Lee and Carter are two men who couldn’t be more different – Lee’s mastery of martial arts and more conservative social persona are totally alien to Carter, and he spends much of the film on a crash course in American culture, often learning such vital information as whose radio he’s allowed to touch only after he’s made some blunder to try Carter’s patience. Lee’s unfamiliarity with American culture actually leads to one of the film’s best scenes, where he finds himself under assault from the patrons of a local bar after taking Carter’s advice to “do what I do” a little too literally and dropping a rather delicate racial epithet.
Millions of English-speakers were discovering Jackie Chan for the first time with “Rush Hour”, and this moment would effectively introduce them to his trademark blend of action and comedy. Place another action star in the same situation, and he’d tear his enemies limb from limb. But Jackie is the underdog and the fish-out-of-water simultaneously, insisting as he mops the floor with his attackers that he wants no trouble and leaving the scene totally befuddled about what brought their attack on. In 1998, to see that in Hollywood action comedies was a rarity, and Jackie Chan was just the man to kick such a concept off.
Carter is largely on the sidelines when it comes to combat, but the film does manage to convincingly work him into one of the action scenes when he and Lee are forced to fight a slew of Juntao’s henchman while preventing them from getting hold of a nearby handgun. Carter snags one of the best lines in the film after recovering from a sudden punt to the face to ask “Which one of y’all kicked me?” The kicker in question is none other than Jackie Chan’s long time associate and former bodyguard Ken Lo, best known for pitting his amazing kicking skills against Jackie in one of the most incredible fight scenes in history at the end of “Drunken Master II”. While his involvement in “Rush Hour” unfortunately doesn’t rise to a similar level of greatness, the sequence is at least a solid action scene that also manages to be genuinely funny (rarely has an attempt at saving face been so blatant and laughable as when Carter declares his and Lee’s victory at the end of the scene while blood pours from his nose and lip!).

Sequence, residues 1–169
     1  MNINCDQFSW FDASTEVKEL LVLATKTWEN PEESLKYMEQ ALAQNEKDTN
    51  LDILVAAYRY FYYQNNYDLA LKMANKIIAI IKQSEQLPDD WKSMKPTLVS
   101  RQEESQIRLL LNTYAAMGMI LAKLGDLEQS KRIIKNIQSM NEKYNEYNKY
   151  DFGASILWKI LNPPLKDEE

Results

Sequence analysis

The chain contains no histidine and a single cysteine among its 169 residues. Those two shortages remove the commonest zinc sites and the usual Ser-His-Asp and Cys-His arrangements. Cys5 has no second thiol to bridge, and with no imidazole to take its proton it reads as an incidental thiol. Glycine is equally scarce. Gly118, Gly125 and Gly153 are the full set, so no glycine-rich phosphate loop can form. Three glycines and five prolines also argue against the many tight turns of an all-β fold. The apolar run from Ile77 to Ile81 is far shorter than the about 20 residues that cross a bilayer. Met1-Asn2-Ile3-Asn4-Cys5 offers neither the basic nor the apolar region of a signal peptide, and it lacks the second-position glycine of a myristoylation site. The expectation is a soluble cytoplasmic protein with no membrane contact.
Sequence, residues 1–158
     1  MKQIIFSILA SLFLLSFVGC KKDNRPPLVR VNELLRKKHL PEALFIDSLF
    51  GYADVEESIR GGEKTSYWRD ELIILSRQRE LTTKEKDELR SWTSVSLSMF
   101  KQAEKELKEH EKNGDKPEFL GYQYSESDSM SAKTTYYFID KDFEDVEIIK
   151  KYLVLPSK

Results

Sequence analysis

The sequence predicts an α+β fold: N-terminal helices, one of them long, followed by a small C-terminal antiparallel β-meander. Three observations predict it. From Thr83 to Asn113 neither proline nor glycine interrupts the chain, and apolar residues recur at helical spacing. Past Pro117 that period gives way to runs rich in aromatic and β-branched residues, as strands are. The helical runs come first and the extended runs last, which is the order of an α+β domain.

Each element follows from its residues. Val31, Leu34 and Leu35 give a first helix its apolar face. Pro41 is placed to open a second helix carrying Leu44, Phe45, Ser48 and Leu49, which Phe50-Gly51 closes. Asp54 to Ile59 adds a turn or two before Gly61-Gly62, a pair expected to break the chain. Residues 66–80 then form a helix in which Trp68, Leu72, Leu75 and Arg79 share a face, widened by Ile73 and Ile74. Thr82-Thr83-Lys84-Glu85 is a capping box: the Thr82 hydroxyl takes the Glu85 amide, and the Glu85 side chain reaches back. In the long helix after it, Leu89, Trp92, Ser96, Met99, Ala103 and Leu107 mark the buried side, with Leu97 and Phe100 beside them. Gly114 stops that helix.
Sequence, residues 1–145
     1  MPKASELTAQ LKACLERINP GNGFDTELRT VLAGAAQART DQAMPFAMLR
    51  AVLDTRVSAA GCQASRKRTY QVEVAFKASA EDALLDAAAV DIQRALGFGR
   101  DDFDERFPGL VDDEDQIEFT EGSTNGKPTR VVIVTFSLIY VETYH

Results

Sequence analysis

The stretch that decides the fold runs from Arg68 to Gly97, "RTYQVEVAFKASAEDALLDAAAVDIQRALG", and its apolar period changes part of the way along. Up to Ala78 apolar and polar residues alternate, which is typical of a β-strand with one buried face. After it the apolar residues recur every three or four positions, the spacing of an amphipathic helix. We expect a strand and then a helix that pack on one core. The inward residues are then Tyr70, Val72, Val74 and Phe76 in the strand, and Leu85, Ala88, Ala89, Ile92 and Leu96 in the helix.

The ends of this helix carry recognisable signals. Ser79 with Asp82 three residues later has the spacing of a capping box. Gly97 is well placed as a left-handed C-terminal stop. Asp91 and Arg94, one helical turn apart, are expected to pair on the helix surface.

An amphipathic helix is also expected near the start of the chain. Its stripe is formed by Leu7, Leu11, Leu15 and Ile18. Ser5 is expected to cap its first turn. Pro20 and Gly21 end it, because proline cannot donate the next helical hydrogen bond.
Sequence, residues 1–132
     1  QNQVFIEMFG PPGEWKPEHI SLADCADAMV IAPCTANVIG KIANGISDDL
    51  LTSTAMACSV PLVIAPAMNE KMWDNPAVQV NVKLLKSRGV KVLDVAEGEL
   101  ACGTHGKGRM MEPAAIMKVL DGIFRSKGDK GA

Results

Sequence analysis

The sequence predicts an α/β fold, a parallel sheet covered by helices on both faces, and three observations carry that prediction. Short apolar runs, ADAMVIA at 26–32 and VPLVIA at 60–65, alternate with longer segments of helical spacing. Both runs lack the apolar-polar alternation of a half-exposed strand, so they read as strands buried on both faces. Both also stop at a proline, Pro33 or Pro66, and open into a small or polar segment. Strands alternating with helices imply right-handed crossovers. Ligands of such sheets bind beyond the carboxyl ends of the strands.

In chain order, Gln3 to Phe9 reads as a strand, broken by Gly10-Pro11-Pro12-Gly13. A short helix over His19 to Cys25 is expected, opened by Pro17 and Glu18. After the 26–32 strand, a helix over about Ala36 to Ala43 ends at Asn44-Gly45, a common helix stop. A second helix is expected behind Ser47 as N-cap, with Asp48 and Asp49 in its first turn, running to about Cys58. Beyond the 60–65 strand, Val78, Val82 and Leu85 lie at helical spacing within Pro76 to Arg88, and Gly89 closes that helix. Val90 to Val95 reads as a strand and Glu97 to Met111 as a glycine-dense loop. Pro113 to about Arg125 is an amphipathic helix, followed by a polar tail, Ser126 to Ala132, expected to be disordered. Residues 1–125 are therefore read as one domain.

Jackie’s creativity with action choreography is also front and center in the finale, which sees him battling off a group of Juntao’s henchman while simultaneously trying to prevent a set of priceless Chinese artefacts from being destroyed, and the sequence culminates in his biggest stunt of the film – a ten-story drop while Carter devises a last ditch effort to save him, just one of the many acts of cinematic death-defiance that make up Jackie Chan’s career.
“Rush Hour” works entirely because of the great chemistry between Jackie Chan and Chris Tucker. It’s decidedly more of a comedy with action than the other way around, but it’s nevertheless one of Jackie’s more enjoyable Hollywood outings. Jackie more or less remade “Rush Hour” in Wild West form with “Shanghai Noon” two years later, transplanting Owen Wilson for Chris Tucker, and the gimmick would still prove to be just as funny!
- One fight scene in the film sees Jackie trying to stop his opponents from destroying Chinese artefacts. An inverted version of this scene takes place in “Shanghai Knights”, with the bad guys trying to protect the artefacts and Jackie using that to his advantage.
- Will Smith, Dave Chappelle, Eddie Murphy, and Martin Lawrence were all considered for the role of Carter before Chris Tucker was cast.
- Between the release of “Rush Hour” in 1998 and “Silver Linings Playbook” in 2012, Chris Tucker only appeared in two movies – both of them the “Rush Hour” sequels!
Film rating: 7.5/10